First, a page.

This dress makes stunning use of both drape and design, the placement of the stars work so beautifully down the body, and I love the way the top and bottom half are in symmetry with the diagonal lines. 
Lady Mary’s riding habit brings to mind some of the opulence of the Victorian era: the full skirt and emphasis on the waist. The photograph on the horse allows us to see it is very similar in scale to the crinolines of the late 19th Century. It is a pity that I was unable to find a close shot of the military style braiding that went over the jacket, it gave a beautiful elaborate detail that was so reminiscent of the victorian era. 

The later riding outfit is toned down more it is a simpler cut with less dramatic line – the skirt does not appear so full yet the quirkiness of these outfits are revealed in the ‘mannish accents’ the top hat, the cravat and the the depth of the collar. I think this is a little glimpse into Mary’s playfulness, what comes across is that while she appears to be well mannered, her style reflects an understated humour.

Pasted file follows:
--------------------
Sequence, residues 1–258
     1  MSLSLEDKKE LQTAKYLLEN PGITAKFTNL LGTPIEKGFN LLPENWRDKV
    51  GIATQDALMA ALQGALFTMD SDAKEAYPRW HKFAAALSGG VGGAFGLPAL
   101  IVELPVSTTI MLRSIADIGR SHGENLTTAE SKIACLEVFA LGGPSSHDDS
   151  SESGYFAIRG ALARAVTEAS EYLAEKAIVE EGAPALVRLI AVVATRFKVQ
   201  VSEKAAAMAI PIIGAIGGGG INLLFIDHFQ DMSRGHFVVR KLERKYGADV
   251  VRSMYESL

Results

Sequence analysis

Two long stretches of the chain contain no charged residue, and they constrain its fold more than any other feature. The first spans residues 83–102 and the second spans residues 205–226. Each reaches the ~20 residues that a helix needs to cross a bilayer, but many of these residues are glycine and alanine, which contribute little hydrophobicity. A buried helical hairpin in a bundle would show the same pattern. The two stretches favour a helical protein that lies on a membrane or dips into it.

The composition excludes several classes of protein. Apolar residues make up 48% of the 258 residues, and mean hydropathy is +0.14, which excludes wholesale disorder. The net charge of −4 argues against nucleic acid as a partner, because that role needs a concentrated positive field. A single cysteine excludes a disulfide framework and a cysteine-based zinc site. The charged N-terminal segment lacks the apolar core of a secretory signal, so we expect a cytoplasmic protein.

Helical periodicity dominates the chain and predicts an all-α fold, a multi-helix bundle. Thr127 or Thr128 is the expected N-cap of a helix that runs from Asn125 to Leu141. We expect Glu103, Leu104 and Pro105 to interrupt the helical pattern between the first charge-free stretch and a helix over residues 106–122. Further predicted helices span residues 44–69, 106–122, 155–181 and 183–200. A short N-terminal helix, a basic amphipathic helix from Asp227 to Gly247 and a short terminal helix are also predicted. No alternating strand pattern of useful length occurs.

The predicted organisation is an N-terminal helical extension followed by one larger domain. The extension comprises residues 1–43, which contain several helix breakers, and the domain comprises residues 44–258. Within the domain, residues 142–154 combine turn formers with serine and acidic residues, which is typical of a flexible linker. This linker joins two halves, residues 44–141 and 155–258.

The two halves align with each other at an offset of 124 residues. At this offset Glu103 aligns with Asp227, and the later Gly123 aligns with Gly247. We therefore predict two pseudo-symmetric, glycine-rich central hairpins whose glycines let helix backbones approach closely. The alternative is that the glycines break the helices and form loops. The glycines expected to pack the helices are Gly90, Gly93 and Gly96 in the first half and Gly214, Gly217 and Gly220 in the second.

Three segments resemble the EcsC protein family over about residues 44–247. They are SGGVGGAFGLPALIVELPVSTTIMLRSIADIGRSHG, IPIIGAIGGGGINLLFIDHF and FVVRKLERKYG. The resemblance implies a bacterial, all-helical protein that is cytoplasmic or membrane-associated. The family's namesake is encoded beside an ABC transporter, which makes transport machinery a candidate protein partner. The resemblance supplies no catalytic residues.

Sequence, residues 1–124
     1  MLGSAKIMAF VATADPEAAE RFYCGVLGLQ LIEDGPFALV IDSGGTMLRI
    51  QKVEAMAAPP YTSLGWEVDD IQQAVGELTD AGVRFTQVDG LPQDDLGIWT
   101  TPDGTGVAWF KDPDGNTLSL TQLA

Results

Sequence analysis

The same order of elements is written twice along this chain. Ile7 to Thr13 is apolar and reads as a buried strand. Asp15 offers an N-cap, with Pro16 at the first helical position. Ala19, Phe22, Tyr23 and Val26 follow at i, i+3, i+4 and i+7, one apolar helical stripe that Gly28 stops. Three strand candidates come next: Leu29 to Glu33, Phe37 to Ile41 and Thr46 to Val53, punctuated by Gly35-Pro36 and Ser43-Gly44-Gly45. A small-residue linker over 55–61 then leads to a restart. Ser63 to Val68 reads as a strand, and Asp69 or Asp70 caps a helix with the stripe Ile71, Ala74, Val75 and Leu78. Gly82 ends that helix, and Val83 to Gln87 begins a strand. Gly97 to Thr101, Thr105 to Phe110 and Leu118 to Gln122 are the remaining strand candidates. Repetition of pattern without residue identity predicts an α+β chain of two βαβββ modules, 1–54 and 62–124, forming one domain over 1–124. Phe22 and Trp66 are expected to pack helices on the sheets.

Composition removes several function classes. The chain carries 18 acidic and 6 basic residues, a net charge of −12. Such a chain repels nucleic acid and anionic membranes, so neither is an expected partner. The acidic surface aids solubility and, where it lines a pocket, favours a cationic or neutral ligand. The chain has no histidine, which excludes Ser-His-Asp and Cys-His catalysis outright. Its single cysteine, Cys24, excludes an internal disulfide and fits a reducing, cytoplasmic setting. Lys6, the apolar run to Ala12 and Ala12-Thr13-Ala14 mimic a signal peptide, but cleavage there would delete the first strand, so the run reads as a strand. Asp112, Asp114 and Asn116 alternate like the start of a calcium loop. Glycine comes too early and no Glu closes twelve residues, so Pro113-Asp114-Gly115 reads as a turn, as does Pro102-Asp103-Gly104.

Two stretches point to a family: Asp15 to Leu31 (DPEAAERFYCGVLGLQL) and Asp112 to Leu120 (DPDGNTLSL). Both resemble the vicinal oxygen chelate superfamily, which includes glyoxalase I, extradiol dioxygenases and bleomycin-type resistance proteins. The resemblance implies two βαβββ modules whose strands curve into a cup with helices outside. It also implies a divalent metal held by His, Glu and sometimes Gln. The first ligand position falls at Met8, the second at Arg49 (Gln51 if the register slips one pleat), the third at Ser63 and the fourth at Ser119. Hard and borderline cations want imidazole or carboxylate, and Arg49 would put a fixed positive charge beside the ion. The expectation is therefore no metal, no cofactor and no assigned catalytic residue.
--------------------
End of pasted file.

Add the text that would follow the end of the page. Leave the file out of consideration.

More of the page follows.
Of course what really stole the first series was Sybil’s trouser suit, the colour and the richness of the embroidery were breathtaking, enhancing Sybil’s skin tones. You can see further detail on the daily mail website

I also love the way that the older characters have remained within their own sense of style, the middle white suit is beautiful as is the hat. Her ladyship wears the most exquisite outfits that are more traditional and refined version of the girls and suits her Ladyship very well. While the dowager’s outfit has reminiscence of an earlier style – which reflects her character. You can see how talented the costume designer is – she has created outfits which work with the characters to give us a more rounded opinion – the outfits support the acting rather than working against it. You can see more details of the dresses in the second series on the Downton Abbey Addicts website. 
As we move through the era we see the development of the twenties styling coming through, this is a period of drape. 

I love this outfit and the use of the buttons, especially the contrasting ones across the waistline. I think this would work beautifully on a pencil skirt that you could wear today. 
The elegance of this outfit shows how beautifully the fabrics are combined, chiffon and velvet. This takes us beyond our notion of twenties ‘flapper style’ with fringing – the costumes are elegant and well beyond the simplistic – it is the details once again that fill my heart with joy. 
What epitomised the development were the wedding dresses. Mary’s dress gives very little emphasis, giving an elegance line, where the beauty would have been in the movement, the way the fabric flowed.